TOKYO -- Japan's economy, which in recent months had shown signs of awakening, was hit by a double whammy this week, a one-two combination that battered an already-reeling banking sector.

On Thursday,

Moody's Investors Service

placed Japan's sovereign debt rating of Aa1 on review for a possible downgrade. Moody's had already slashed Japan's rating from the top Aaa post in November 1998. The government's massive spending spree to prop up the economy -- which has boosted public-sector debt to an expected 130% of GDP in 2001 -- is catching up with its sovereign debt rating. Nevertheless, a host of government officials cried foul, saying Moody's action did not accurately assess the government's efforts to revive the economy. Taichi Sakaiya, head of the

Economic Planning Agency

, dismissed the Moody's announcement as an attention-grabbing "performance."

Meanwhile, Tokyo governor Shintaro Ishihara, a well-known thorn in the ruling

Liberal Democratic Party's

side, rankled the government by announcing a new tax plan to stem the flow of red ink and reverse Tokyo's low tax revenues. His plan would slap a 3% local tax on the gross profits of Tokyo's major banks over the next five years.

The tax will hit banks such as

Daiwa Bank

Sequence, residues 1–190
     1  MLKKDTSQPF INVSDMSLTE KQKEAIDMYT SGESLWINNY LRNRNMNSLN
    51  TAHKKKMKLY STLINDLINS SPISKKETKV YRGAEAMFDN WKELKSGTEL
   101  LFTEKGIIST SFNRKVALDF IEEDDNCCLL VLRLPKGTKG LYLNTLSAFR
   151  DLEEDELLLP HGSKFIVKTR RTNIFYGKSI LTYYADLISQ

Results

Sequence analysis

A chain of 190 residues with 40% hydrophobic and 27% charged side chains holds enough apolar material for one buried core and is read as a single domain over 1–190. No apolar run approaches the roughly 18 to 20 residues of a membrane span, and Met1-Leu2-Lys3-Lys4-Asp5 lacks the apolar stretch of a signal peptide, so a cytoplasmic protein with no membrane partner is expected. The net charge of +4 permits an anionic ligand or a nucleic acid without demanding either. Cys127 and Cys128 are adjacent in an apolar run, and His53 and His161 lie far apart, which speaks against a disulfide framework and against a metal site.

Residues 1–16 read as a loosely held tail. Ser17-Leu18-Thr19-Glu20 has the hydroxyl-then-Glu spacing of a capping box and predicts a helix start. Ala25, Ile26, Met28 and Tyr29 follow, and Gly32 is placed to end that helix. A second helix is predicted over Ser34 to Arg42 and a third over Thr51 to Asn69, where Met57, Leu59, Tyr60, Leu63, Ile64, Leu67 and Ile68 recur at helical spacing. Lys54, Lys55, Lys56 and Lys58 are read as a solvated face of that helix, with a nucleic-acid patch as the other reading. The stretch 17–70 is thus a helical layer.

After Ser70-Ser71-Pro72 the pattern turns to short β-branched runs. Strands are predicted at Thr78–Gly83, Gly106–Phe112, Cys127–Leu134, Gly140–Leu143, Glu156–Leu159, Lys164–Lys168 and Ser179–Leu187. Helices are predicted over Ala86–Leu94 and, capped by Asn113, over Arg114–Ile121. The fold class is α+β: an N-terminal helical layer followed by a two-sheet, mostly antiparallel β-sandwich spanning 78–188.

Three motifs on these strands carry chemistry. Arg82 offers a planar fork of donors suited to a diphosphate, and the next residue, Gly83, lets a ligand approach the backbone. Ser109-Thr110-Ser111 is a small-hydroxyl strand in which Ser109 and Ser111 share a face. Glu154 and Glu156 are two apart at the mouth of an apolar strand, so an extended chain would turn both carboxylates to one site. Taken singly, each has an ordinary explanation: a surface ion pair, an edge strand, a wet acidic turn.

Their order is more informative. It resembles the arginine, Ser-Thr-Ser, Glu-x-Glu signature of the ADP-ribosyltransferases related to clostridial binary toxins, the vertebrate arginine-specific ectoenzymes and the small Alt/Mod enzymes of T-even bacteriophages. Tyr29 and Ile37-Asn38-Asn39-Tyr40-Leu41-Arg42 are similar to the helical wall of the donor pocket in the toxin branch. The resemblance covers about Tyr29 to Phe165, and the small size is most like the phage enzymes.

and

Tokyo Trust and Banking

, which hold high overhead and credit costs relative to gross profits. Depending on the bank, the new tax could cut pretax income by 3% to 20%.

"Japanese banks recorded higher credit costs than net operating profits for the first half of fiscal 1999," Naoko Nemoto, banking analyst at

Standard & Poor's

said. "Credit costs will probably consume much of the banks' core profits for the next couple of years, which means they will face another hurdle in improving their financial profiles to the level of their international peers if the tax plan is passed."

Tokyo's metropolitan assembly will begin debating the new bill Wednesday, and local reports say it could be approved in a matter of weeks. If enacted, the new law would become effective April 1.

Not surprisingly, the Moody's review and the tax plan affected bank shares. The

Nikkei

bank index has already dropped 10% over the past two weeks; expect investors to continue fleeing the banking sector.

In contrast to their Japanese counterparts, Hong Kong bank shares show a slightly rosier picture, with most banks expected to post handsome earnings from last year. A slew of earning reports for the year ending Dec. 31, 1999, is slated to hit next week, including

Standard Chartered (Hong Kong)

on Wednesday,

Citic Ka Wah Bank

on Friday, followed by

HSBC

(HBC)

and

Hang Seng Bank

(HSNGY)

on Feb 28.

After a tumultuous couple of years, profits for Hong Kong banks are expected to rise by 30% to 60% this year, according to

Salomon Smith Barney

. The firm singles out

Dao Heng Bank

,

Wing Hang Bank

(WGHGY)

and

Bank of East Asia

(BKEAY)

as its top picks since they are involved in Internet ventures.

One problem facing Hong Kong banks, however, is the rise in U.S. interest rates. Since the island's currency is pegged to the U.S. dollar, any rate rise in the U.S. means higher rates at home. That's why Salomon says it is underweight in the Hong Kong banking sector right now.

Since

U.S. Federal Reserve

chairman

Alan Greenspan

this week suggested more U.S. rate rises are to come, those holding Japanese and Hong Kong bank shares may want to reassess their investment strategy, or risk getting slammed again.